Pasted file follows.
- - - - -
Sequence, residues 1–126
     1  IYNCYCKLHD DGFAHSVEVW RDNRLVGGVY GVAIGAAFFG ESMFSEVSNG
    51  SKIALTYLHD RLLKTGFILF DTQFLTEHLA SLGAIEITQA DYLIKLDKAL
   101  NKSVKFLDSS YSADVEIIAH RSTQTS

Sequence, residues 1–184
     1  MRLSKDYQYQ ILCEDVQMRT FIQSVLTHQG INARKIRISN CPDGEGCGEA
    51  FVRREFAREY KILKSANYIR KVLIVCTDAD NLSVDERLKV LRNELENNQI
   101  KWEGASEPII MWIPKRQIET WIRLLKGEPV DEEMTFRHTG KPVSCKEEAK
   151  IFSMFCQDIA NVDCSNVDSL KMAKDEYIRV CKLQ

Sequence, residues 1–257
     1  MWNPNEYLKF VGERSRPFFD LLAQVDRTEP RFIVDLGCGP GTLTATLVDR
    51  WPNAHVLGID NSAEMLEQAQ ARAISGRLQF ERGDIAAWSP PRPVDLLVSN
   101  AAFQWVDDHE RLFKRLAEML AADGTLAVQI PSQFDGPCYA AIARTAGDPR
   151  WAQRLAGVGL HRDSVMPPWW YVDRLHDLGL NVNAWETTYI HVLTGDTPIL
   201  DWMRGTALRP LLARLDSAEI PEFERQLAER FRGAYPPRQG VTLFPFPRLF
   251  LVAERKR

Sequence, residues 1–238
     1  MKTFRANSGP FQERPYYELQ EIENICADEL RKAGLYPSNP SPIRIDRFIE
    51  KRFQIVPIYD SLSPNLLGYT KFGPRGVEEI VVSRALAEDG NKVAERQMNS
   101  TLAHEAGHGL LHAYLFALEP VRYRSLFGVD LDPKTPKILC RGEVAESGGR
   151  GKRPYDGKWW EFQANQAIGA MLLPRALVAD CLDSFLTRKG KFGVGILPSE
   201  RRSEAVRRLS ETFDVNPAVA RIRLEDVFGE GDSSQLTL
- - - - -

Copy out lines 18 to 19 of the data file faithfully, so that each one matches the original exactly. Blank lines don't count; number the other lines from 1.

     1  MKTFRANSGP FQERPYYELQ EIENICADEL RKAGLYPSNP SPIRIDRFIE
    51  KRFQIVPIYD SLSPNLLGYT KFGPRGVEEI VVSRALAEDG NKVAERQMNS